Evidence Based Medicine in the Healthcare Industry
Evidence-based medicine includes three components; research-based evidence, clinical expertise, and patient values/preferences. Explained in detail here https://www.healthcatalyst.com/5-reasons-practice-evidence-based-medicine-is-hot-topic . Evidence-based medicine (EBM) is the conscious, deliberate, explicit, judicious and reasonable use of evidence in making medical decisions about the care of individual patients. Evidence-based medicine integrates clinical experience and patient values (patient history) with the best available research information.
Evidence-based medicine started as a movement aimed at increasing the use of high-quality clinical research in clinical decision making. Practicing evidence based medicine does not mean you have a cookbook or manual that you can follow without thinking. Instead, it’s a lifelong, self-directed learning process that aids healthcare givers and clinicians learn from problems and improve on ways they can care for their patients.
EBM creates the need for clinically important information and diagnosis, prognosis, therapy, and other clinical and healthcare issues. Evidence-based medicine is more of an improvement on traditional medicine as opposed to it being completely different. As the name implies, it demands more evidence than would traditionally be required or used.
The goals of EBM health practitioners and EBM-Clinicians are: a) to use evidence summaries in clinical practice; b) to help develop and update selected systematic reviews or evidence-based guidelines in their area of expertise; and c) to enroll patients in studies of treatment, diagnosis, and prognosis on which medical practice is based.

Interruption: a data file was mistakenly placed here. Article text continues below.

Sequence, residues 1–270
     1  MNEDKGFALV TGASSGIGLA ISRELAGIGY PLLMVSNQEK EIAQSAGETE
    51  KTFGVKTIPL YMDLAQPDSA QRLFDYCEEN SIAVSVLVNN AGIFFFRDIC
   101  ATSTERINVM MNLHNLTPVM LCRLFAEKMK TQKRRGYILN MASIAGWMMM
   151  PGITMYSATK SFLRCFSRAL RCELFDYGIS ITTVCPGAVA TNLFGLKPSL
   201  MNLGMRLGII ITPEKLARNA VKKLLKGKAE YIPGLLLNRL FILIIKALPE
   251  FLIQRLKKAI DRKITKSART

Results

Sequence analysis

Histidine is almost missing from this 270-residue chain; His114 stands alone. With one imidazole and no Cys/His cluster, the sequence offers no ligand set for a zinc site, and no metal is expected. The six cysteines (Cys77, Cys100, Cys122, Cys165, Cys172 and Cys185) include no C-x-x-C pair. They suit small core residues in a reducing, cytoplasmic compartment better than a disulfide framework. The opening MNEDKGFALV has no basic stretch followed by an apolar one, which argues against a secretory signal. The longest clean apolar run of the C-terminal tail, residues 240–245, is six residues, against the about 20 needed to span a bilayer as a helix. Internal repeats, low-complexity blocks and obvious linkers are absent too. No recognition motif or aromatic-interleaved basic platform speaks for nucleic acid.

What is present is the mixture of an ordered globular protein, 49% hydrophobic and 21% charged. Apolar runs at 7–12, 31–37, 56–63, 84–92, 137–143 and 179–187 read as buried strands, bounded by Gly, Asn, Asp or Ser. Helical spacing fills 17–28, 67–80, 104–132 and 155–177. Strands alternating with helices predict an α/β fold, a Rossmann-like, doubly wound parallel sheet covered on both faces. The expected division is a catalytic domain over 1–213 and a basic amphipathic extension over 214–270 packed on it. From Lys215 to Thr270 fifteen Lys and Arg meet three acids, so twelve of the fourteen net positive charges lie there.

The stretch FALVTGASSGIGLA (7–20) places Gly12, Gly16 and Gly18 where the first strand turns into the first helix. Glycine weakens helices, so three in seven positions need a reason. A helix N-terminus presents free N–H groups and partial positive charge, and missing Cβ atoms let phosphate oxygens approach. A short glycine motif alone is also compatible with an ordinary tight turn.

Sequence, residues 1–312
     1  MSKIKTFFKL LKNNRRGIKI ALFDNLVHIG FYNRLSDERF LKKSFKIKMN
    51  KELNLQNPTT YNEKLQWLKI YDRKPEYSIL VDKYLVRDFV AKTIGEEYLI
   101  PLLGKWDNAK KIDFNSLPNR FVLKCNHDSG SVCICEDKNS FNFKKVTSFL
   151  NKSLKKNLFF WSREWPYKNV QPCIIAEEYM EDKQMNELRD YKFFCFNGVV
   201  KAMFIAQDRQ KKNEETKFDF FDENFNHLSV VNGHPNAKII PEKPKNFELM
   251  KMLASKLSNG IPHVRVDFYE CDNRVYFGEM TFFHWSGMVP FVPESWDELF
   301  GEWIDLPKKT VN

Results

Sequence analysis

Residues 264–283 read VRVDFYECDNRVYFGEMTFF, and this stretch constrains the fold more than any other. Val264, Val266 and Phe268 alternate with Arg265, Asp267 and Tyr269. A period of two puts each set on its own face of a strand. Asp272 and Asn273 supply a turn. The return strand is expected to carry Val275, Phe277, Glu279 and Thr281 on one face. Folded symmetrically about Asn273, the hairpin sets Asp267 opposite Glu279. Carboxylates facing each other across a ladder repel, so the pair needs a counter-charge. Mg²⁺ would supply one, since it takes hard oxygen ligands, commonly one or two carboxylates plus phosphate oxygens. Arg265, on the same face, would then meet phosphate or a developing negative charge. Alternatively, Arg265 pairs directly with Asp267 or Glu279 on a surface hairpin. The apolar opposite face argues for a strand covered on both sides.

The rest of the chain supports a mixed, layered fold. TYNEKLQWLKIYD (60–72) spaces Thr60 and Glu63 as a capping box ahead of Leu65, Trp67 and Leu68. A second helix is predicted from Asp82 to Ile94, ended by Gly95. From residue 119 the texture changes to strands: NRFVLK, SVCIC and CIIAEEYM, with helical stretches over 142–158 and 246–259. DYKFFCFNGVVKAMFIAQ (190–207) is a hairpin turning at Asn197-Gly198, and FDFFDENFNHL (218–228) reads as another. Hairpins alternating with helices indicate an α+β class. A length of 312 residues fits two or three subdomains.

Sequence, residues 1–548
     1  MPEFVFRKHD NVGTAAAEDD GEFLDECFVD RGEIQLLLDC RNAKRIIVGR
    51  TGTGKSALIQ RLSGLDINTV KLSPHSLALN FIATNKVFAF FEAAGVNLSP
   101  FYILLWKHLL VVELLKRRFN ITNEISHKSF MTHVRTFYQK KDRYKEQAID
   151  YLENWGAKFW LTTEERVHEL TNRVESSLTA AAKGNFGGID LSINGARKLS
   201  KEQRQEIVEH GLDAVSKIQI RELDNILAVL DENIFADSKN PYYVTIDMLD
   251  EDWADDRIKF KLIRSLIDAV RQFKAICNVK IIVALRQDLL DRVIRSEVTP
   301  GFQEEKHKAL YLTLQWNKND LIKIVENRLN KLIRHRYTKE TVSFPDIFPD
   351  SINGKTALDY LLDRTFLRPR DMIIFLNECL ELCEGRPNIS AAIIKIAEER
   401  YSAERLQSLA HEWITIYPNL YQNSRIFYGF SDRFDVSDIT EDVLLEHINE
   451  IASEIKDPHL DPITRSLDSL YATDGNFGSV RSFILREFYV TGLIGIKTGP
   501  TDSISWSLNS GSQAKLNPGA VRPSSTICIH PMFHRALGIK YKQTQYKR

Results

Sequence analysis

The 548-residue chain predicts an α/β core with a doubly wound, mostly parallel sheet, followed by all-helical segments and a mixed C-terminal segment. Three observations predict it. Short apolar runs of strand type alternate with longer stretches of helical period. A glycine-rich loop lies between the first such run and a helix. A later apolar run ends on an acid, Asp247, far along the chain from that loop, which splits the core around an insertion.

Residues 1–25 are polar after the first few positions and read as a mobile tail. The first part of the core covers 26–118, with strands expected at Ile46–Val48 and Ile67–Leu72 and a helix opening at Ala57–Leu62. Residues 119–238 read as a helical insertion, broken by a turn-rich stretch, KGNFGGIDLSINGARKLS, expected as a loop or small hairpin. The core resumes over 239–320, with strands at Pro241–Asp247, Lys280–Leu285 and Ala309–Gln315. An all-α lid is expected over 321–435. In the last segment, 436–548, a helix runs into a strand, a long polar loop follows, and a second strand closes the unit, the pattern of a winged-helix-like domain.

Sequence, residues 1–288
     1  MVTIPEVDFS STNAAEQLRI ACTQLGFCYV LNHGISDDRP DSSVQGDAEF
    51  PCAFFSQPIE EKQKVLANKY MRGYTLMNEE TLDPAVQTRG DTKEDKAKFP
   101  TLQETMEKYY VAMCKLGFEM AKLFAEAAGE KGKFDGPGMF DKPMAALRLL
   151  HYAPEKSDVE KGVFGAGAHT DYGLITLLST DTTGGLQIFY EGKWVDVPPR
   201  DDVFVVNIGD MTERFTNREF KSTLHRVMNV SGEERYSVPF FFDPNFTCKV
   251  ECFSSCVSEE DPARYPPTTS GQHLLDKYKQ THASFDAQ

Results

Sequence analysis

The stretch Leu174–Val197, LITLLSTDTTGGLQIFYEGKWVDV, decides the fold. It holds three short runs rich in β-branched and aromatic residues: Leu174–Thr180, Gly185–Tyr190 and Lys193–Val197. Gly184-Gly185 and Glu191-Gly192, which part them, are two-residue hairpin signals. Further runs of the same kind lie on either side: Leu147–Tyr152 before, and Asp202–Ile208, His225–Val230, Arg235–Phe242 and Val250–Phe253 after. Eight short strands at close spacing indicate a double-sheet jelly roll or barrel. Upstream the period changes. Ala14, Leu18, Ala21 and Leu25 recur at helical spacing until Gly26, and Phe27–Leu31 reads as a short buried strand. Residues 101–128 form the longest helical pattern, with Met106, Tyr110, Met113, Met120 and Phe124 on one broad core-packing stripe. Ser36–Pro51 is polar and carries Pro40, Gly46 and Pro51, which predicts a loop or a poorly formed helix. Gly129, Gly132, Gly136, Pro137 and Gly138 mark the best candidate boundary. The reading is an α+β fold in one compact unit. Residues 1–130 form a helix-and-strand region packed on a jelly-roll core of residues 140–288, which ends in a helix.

In recent years, Evidence Based Medicine has piqued the interest of health professionals and practitioners. A simple definition of EBM is: it’s the conscious and reasonable use of current, best scientific evidence in making decisions in the treatment of each individual. For health practitioners, this is, however, difficult to put into practice.
Medical knowledge grows rapidly and exponentially with new publications and journals constantly being published and previously accepted facts becoming stale and no longer viable it’s hard to keep up. Contributing to this factor is the fact that health practitioners don’t have the time to do as much studying needed to keep up to date on new changes and developments.
Hence most doctors simply reviews or brisk through published articles, studies, and medical journals. And if the find the time to read thoroughly, they still lack the time to evaluate the value of the study, its methodology and its transparency. This is one major recurring problem in the practice of Evidence Based Medicine hence doctors are advised to read selectively, make effective selections of what he/she needs and expand on those. This is, however, easier said than done.
Levels of Evidence
When speaking about EDM it’s necessary to classify clinical evidence into levels because all evidence cannot be treated with the same importance. So what are these levels?
Level 1: Evidence in Level I is considered the gold standard of medical knowledge because it comes from randomized controlled clinical trials (RCTs).
Level 2: Evidence from controlled trials without randomization